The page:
Leading up to this year's Best of L.A. issue (due out Oct. 3), we'll be bringing you periodic lists of some of the best things we've found to eat and drink around town. Ice cream sandwiches and bowls of tsukemen, fish tacos and dan dan mien, cups of boba and glasses of booze. Read on.
There's something wholly comforting about a proper bento box, loaded with carefully organized selections: sides such as kyuri asazuke, or pickled cucumbers, to perhaps a cut of saba lightly salted then broiled. The very sight of a bento, generally in a laquered box, can elicit a rather primal thrill.
Not all Japanese restaurants in town will have bentos on their menu, but when they do, it's usually for lunch and as such priced rather reasonably. It's standard to get your bento with miso soup, salad and rice. Some kind of tempura, whether shrimp, vegetable medley, or both, may appear alongside as well. It's not always indicated on the menu, but you'll likely find bentos in the style of makanouchi, which comes with both fish and meat, vegetables, pickled plums known as umeboshi, rice and eggs, often pan-fried and rolled.
We scoped out three spots in town where bentos are best enjoyed on site. Turn the page.
Izakaya Fu-ga capitalizes on its location underground, all dim lighting and chocolate tones. It's enough of a retreat, away from the daytime Downtown bustle, that you'll be unsurprised to see the dining room nearly full at lunch, occupied by professionals working nearby. The Fu-ga bento comes with requisite miso soup, salad and rice, along with a small sashimi selection of tuna, salmon and albacore. You'll have seven options to choose for your main, including char-broiled rib-eye steak and bacon-wrapped scallops; and three choices, shrimp and vegetable tempura, a California roll or a spicy tuna roll, for a side. 111 S. San Pedro St., Los Angeles; (213) 625-1722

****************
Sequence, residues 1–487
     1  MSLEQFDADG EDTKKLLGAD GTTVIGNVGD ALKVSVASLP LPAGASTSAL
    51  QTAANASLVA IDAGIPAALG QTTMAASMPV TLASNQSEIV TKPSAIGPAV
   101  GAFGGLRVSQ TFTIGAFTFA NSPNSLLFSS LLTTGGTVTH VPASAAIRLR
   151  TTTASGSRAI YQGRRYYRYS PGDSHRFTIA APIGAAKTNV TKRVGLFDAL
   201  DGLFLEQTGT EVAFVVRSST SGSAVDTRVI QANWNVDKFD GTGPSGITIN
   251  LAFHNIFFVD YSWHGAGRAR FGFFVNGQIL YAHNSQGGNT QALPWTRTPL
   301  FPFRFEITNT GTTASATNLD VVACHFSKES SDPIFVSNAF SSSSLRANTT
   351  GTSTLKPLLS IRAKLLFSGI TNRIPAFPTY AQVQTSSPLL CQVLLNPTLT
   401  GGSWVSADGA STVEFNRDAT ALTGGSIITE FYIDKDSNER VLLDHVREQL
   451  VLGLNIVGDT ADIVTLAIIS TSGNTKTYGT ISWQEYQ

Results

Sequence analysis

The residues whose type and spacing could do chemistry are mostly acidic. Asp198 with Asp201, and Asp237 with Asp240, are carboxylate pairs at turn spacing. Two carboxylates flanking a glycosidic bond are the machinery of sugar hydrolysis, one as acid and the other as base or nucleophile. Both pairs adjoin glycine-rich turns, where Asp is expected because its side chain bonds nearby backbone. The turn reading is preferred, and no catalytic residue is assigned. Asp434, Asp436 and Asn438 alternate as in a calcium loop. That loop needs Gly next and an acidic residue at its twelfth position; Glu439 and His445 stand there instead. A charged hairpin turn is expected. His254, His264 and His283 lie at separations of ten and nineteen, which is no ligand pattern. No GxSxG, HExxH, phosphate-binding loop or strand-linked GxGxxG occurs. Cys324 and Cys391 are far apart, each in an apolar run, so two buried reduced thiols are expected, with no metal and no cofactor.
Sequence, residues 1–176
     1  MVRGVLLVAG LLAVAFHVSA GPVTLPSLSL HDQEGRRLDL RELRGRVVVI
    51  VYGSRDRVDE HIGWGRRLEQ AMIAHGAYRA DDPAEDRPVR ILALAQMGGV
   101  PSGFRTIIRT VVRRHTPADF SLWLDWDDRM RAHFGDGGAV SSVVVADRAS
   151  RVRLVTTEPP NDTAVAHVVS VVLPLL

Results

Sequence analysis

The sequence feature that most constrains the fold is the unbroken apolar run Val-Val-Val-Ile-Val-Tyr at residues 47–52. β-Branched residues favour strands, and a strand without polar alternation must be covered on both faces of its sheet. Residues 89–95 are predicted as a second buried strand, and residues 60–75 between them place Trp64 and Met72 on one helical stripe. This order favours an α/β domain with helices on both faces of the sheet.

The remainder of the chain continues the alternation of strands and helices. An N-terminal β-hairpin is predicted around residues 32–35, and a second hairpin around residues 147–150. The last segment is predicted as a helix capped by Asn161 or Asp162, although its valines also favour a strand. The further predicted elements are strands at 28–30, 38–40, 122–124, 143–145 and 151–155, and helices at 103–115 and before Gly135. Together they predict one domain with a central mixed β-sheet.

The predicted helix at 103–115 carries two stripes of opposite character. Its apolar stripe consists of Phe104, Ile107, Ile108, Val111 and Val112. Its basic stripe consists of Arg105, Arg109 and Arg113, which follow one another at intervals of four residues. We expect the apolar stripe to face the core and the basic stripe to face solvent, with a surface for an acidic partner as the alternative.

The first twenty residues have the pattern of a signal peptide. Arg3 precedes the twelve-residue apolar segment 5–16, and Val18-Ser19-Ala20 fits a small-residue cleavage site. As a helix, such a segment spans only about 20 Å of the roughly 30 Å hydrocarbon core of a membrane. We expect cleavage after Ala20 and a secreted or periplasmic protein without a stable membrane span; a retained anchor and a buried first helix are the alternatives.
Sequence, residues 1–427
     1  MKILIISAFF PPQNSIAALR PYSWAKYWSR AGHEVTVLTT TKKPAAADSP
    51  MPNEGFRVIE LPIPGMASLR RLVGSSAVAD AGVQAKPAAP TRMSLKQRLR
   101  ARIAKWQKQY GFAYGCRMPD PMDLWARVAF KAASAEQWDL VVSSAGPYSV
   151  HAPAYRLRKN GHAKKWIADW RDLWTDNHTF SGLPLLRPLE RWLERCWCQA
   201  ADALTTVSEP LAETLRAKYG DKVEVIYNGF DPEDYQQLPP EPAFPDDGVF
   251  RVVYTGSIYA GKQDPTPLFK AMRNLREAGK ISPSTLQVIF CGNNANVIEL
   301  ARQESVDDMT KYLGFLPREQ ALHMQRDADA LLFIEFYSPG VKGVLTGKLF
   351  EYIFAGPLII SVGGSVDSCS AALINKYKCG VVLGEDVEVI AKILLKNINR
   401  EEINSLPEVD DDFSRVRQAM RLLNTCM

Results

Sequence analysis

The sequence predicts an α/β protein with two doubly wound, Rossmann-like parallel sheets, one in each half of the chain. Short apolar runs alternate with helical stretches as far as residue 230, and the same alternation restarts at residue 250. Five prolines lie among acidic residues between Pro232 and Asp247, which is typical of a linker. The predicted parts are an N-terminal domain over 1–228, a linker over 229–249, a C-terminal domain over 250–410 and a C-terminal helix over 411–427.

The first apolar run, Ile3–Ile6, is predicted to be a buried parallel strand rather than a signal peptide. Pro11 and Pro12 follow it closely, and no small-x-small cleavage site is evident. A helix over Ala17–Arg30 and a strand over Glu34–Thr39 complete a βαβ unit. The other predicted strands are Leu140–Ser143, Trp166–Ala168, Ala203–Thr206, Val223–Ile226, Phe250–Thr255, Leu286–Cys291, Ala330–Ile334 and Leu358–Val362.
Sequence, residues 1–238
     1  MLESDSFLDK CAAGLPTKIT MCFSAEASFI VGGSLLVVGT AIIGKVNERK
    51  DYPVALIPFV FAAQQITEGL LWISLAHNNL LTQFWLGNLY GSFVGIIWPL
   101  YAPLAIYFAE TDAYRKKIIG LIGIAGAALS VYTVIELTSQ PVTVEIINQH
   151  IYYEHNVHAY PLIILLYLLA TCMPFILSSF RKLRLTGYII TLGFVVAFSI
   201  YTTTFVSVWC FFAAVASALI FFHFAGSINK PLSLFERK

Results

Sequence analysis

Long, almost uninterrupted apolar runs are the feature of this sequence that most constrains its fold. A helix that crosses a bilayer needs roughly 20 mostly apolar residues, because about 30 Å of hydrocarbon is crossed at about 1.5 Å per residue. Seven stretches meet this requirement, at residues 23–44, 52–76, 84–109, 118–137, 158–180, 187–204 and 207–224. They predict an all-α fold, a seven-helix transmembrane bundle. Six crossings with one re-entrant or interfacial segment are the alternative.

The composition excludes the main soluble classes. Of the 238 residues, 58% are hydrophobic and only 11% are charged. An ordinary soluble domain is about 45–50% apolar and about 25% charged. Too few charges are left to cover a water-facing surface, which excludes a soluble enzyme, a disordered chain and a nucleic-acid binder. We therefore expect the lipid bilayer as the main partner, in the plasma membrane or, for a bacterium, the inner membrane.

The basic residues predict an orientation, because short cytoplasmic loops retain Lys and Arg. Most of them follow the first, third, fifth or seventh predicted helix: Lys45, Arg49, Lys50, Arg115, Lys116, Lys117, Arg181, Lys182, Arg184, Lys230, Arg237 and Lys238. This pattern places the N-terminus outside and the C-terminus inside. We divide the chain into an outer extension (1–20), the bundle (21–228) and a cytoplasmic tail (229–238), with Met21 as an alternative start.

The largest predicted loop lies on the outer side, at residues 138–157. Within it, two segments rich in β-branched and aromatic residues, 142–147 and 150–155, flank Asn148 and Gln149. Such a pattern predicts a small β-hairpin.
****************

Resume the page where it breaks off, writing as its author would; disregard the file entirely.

Restaurant Aoi may be to the right of Marugame Monzo, but the family-run restaurant is as diametrically opposite in look and approach as it can get. While Monzo is sleek, from its decor to the fresh hand-pulled udon noodles, Restaurant Aoi is cozy, somewhat worn, with an array of familiar homestyle dishes. The restaurant is a consummate lunch spot, offering a dizzying range of choices, from donburi to house plate lunches to combination sets. The makonouchi bento, regular or special, best encapsulates why the restaurant maintains a steady base of regulars. Each regular set comes with shrimp and vegetable tempura, miso soup, pickled cucumbers, kinpira gobo, or burdock roots, fresh sashimi, and a highly habit-forming eggplant in sesame-miso sauce. The special also comes with broiled salmon and teriyaki beef. And you have a choice of white or brown rice with both. 331 E. 1st St., Los Angeles; (213) 624-8260
Takamaru is a fast-casual restaurant on the corner of a compact strip mall on 3rd St., adjacent to plenty of retail distractions. Your order will come out quickly, impressively so for set lunches as varied as they are substantial. Bentos come in four options, including salmon, vegetarian and chicken; five if there's a special of the day. A behemoth in size and sheer range of options, the Gozen Bento defies the norm by which most bentos are defined. There's so many elements that the effort to keep everything in one box, as per tradition, is not even attempted. It comes instead with a main box, divided into four sections, and several satellite dishes. A manageable assortment of tempura, shrimp and vegetable, is paired with tofu salad, a California roll, and a salad of julienned burdock roots. Your chosen main protein, whether black cod, salmon, chicken or rib-eye, will arrive in an oblong dish garnished with salad and steamed vegetables. And lest you think that a meal is incomplete without dessert, there's a choice of pudding or ice cream too. 8474 W 3rd St., Los Angeles; (323) 782-0181
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